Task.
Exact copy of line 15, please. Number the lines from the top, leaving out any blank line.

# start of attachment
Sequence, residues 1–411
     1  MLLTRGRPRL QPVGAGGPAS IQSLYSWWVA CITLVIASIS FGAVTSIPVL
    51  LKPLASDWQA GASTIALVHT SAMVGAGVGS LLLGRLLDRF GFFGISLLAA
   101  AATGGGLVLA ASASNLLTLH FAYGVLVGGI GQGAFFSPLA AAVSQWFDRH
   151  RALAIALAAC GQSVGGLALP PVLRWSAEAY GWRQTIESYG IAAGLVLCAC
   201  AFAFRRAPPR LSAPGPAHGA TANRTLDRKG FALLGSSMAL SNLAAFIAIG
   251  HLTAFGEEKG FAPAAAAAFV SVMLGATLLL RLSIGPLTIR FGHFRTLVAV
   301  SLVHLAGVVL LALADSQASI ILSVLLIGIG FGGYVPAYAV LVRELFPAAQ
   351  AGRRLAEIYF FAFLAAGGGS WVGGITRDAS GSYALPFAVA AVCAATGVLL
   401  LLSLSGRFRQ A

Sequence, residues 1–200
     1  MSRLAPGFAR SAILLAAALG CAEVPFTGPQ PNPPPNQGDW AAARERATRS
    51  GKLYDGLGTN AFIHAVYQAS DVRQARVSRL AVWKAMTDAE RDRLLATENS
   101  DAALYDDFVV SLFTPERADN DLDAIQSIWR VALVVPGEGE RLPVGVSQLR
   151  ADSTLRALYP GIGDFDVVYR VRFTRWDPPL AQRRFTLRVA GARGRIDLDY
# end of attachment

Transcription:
   151  ADSTLRALYP GIGDFDVVYR VRFTRWDPPL AQRRFTLRVA GARGRIDLDY